The Pie and I



As the years go by


Become more fond of pie.

(Apple, pumpkin, cherry,

Rhubarb, or blueberry,


Even gooseberry…)

The fruity sweetness.

The crusty crispness.


maybe a scoop of BlueBell.)

Would it be so wrong

If the pie I promised

Had one piece gone?

What the Birds Say


“A bird doesn’t sing because it has an answer, it sings because it has a song.” -Maya Angelou

When I go for walks, my favorite soundtrack is the sound of birds, and I have been noticing how the soundtrack changes through the course of the year, through the hours of the day. In summer, I was always accompanied by the cooing of mourning doves and the calls of cardinals. More recently, the mockingbirds have been taking center stage. Evenings are always filled with the raucous cries of grackles. With all due respect to Dr. Angelou, not all birds sing – but they all have something to say and it is always worth hearing. The sketch above was done at the monastery I visit in Nepal, where I became convinced that the swallows outside my window, were reciting mantras about the vastness of the sky…

Waking Up

photo 1

Navigating that space between sleeping and being fully awake is often a very personal thing. I admire those who go immediately to the meditation cushion or head out to the running trail. I smiled this morning when my writer friend posted on her blog about the important role coffee plays in her own routine. I’m like that myself, even to the point of sometimes hurrying off to bed in anticipation of that wonderful cup of lavender-flavored coffee sweetened with honey that will greet me the next morning! Dr. Meg Fitzellen, the main character in my current novel-in-progress (THE FOURTH TIME), shares this predilection. In the passage below, she is waking up on her first morning back at her archaeology field site in Belize.

“Blending with the steady beat of rain on the tin roof, Meg could discern the rhythmic sounds of Indra going through her yoga practice just the other side of the paper thin wall that separated their rooms… Meg envied Indra the gentle discipline of yoga, but had never been able to commit to it herself, tending to get over enthusiastic and pull muscles anytime she tried it. Meg’s wakeup routine centered on coffee. That was what was on her mind as she rolled out of bed and pulled on her field pants and work shirt. She pushed her boots to one side, pulled the rubber flip-flops from under the bed and rolled up her pants legs in anticipation of wading to the kitchen where she hoped Elodia would have coffee ready.”

A Question of Balance



During the first weekend of EAST Austin Studio Tour, 2014 edition, I had some wonderful, insightful conversations with my guests about my paintings and about art in general. It was a very rewarding experience except for one minor detail: Nobody bought anything. I had good sales during the 2013 tour, so I guess I had expectations for 2014 as well.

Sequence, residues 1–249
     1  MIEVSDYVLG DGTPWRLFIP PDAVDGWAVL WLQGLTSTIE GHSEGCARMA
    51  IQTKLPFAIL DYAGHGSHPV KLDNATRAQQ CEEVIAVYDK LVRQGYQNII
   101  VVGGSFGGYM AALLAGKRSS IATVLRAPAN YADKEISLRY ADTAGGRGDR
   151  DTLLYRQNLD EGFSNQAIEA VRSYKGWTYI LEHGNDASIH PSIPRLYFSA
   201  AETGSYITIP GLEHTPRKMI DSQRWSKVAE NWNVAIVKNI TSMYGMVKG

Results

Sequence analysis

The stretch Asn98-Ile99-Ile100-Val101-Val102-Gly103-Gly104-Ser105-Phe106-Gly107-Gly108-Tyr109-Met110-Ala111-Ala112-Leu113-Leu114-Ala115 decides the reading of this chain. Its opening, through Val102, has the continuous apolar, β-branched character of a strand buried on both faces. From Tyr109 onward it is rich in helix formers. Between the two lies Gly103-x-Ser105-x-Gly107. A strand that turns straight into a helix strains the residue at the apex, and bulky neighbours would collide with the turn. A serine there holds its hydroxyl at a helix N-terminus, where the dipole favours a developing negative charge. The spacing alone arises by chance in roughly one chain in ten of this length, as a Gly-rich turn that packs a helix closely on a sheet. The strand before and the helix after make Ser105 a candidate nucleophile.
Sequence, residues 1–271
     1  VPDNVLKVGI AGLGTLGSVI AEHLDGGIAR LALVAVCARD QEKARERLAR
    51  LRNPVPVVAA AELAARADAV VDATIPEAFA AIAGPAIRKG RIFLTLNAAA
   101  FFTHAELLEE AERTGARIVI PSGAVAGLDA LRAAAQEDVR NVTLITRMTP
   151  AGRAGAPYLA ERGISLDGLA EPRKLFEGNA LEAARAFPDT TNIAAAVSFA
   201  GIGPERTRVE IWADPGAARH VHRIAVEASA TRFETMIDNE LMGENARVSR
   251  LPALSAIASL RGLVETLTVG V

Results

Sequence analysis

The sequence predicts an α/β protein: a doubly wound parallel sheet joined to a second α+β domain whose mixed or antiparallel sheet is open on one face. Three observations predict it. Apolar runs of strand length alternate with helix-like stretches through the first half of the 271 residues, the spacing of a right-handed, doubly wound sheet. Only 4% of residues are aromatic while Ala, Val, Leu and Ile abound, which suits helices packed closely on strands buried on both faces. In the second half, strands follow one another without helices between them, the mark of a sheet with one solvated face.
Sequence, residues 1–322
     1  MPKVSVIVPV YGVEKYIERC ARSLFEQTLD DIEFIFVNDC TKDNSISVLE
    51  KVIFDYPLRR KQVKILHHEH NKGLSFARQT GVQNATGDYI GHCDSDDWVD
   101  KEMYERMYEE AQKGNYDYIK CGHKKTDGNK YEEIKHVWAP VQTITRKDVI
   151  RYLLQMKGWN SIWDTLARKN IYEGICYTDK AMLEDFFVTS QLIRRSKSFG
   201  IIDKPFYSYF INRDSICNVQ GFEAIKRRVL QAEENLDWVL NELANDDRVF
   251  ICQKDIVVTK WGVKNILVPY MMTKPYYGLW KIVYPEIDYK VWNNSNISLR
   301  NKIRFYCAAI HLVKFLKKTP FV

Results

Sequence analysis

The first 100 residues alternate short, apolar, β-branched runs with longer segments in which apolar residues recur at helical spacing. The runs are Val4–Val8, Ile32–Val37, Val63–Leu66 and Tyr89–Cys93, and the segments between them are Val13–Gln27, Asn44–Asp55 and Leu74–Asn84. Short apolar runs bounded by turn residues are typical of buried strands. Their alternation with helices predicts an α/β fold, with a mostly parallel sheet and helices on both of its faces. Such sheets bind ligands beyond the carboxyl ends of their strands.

A young high school student sat down with me late Sunday afternoon in the waning hours of the first weekend’s tour to interview me for a class assignment. “What is the point of making art?” he wanted to know. I rambled on about the importance of the viewer as well as the artist in completing a work of art. “The goal of art is to engage the viewer, to get them to stop for a moment and engage with something more than daily life.”

With that as a goal, my first weekend of EAST was clearly a success. Numerous visitors were engaged enough to hang around and talk about my pieces. Some took the time to read the accompanying poems posted with several of the paintings, poems from my fellow writers at Austin Zen Center’s Tuesday night writing group.

Maybe this weekend someone will feel engaged enough with one of my paintings to want to take it home with them. We are open at 702 Shady Lane from 11-6 both Saturday and Sunday.

(The painting above is entitled, “A Question of Balance.” It is available.)



Artists sometimes do odd things.

One of my favorite sites on my visit to Prague in winter of 2003 was the John Lennon Wall, where countless fans and tourists had posted layer after layer of tributes and expressions of devotion. It was beautiful and inspiring.

Today I read the news that a group of art students had taken it upon themselves to white out the entire wall! This was supposed to represent the beginning of a new era in honor of the anniversary of the “Velvet Revolution” and the inscription “Wall Is Over” was intended to be “an allusion to the subtitle of Lennon’s song ‘Happy Xmas (War Is Over)’.” However, the act of overpainting the wall inevitably evoked as well the Communist era in Czechoslovakia; during the 1980s, the Lennon wall was repeatedly painted over by Communist authorities in Prague.

The very notion of “starting over” is misguided. We always work with what already exists, for better or worse. All these art students have succeeded in doing is in imposing their own idea of a massive blank canvas over hundreds and thousands of other ideas and messages, layered into a public space that was allowed to belong to everyone. The students acted in an authoritarian way that I find flies in the face of the legacy of the Velvet Revolution they sought to honor.